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Dementia: Dr Sara on benefits of being in nature

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One in four people with dementia experience symptoms for more than two years before they are diagnosed, new research suggests. The Alzheimer’s Society study attributes this delay in diagnosis to families and individuals dismissing symptoms as the effects of old age. As a result, the charity has produced a new checklist with the Royal College of GPs to help people identify symptoms of dementia and seek help in getting diagnosed.

It includes ticking whether people suffer memory problems, such as struggling to find the right words or repeating questions and phrases; issues with daily living such as struggling to pay bills or getting lost; and behavioural or emotional problems such as becoming aggressive, withdrawn, acting inappropriately or walking about.

The charity’s poll of 1,019 dementia sufferers and their carers found that confusing dementia symptoms with getting old (42 percent) was the number one reason it took people so long to get a diagnosis.

Some 26 percent of all people took more than two years to get a diagnosis, levitra e prostata with over a quarter of these only receiving one, or seeking one, once they had reached crisis point.

The Alzheimer’s Society has launched a new campaign – “It’s not called getting old, it’s called getting ill” – to encourage people worried about their memory or that of their loved ones to seek support.

Kate Lee, chief executive of Alzheimer’s Society, said: “Asking the same question over and over again is not called getting old, it’s called getting ill.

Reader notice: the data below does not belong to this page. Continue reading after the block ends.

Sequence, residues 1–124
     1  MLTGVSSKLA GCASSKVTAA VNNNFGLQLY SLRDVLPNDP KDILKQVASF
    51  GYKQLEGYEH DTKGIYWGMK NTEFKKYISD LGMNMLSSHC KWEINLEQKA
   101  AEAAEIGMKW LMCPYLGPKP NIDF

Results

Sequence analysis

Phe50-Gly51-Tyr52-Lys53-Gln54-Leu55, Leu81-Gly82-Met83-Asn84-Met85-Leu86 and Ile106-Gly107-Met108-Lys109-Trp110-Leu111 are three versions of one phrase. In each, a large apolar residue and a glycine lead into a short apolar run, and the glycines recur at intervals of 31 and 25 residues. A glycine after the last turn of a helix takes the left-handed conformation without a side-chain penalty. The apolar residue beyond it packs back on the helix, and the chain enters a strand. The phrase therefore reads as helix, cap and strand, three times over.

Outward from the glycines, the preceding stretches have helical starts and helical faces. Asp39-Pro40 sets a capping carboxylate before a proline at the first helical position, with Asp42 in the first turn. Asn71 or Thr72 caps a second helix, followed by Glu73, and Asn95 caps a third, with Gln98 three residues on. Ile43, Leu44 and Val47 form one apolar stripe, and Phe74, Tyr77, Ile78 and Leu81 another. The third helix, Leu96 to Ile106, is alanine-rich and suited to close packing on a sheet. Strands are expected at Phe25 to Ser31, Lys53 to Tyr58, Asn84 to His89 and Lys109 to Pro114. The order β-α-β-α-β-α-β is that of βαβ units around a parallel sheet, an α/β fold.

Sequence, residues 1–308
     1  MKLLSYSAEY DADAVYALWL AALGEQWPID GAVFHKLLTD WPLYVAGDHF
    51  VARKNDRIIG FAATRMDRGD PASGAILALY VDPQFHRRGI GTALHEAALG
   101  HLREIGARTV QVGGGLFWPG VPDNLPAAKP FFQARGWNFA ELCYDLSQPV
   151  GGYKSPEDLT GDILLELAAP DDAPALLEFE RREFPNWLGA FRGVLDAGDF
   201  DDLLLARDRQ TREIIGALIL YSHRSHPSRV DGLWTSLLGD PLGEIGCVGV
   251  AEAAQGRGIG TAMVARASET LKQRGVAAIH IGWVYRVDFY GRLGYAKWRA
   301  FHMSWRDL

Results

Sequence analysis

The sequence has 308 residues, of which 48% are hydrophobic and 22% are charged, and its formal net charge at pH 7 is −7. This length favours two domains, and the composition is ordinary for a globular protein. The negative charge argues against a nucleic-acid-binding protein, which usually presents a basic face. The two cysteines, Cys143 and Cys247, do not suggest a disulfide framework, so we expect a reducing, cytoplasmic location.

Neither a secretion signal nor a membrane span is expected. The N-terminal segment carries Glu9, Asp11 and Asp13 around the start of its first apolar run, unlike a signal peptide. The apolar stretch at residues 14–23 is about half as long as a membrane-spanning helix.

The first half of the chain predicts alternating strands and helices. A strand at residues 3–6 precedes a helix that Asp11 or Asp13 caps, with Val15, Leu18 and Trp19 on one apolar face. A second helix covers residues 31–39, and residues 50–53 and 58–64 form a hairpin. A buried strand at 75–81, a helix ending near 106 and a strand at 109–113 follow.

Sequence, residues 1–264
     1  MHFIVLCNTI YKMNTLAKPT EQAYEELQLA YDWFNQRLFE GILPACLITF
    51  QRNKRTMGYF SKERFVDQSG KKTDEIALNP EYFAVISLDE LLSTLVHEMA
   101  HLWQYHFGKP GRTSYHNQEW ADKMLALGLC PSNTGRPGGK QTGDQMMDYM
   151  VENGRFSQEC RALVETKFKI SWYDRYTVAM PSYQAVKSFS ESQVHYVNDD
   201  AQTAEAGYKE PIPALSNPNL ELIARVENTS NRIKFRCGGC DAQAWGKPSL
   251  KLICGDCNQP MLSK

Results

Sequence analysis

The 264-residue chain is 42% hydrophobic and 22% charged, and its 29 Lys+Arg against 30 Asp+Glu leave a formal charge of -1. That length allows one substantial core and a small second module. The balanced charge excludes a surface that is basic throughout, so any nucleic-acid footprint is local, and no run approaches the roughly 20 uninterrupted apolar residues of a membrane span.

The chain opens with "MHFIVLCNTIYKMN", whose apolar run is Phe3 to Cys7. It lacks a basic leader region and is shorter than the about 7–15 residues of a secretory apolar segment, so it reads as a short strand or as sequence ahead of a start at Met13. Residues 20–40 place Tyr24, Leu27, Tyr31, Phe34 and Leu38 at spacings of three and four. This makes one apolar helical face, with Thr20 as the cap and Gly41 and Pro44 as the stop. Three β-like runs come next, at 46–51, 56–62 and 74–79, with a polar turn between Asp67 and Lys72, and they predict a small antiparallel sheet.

“If you’re worried for yourself or someone you love, take the first step this Dementia Action Week – come to Alzheimer’s Society for support.

“The stark findings of our survey released today show just how dangerous it can be to battle dementia symptoms alone and put off getting help.

“Yes, getting a diagnosis can be daunting – I know I was terrified when my mum got diagnosed.

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Ms Lee continued: “But it is worth it – over nine in 10 people with dementia told us they benefited from getting a diagnosis. It gave them crucial access to treatment, care and support, and precious time to plan for the future.

“With the pandemic causing diagnosis rates to plunge, it’s more important than ever to seek help. You don’t have to face dementia alone, we’re here to support everyone affected.”

Doctor Jill Rasmussen, the clinical representative for dementia at the Royal College of General Practitioners, said: “It’s vital for patients, their families and GPs that conversations with the potential for a diagnosis of dementia are timely and effective.

“The new checklist developed with Alzheimer’s Society is a simple, free tool to help patients and their families clearly communicate their symptoms and concerns during an often time-pressured appointment.”

The doc added: “This resource could make a real difference in identifying those people who require referral for a more detailed evaluation and diagnosis of their problems.

“We’re asking anyone who is worried about possible dementia symptoms to use the checklist and share it with their primary care team.”

How to respond

Although there is no cure for dementia at the moment, an early diagnosis means its progress can be slowed down in some cases, so the person may be able to maintain their mental function for longer.

A diagnosis helps people with dementia get the right treatment and support.

It can also help them, and the people close to them, to prepare for the future.

The NHS says: “If you’re worried about your memory, or think you may have dementia, it’s a good idea to see a GP.

“If you’re worried about someone else’s memory problems, encourage them to make an appointment with a GP and perhaps suggest that you go with them.”

The health body adds: “Getting a diagnosis gives you and your family the best chance to prepare for the future.”

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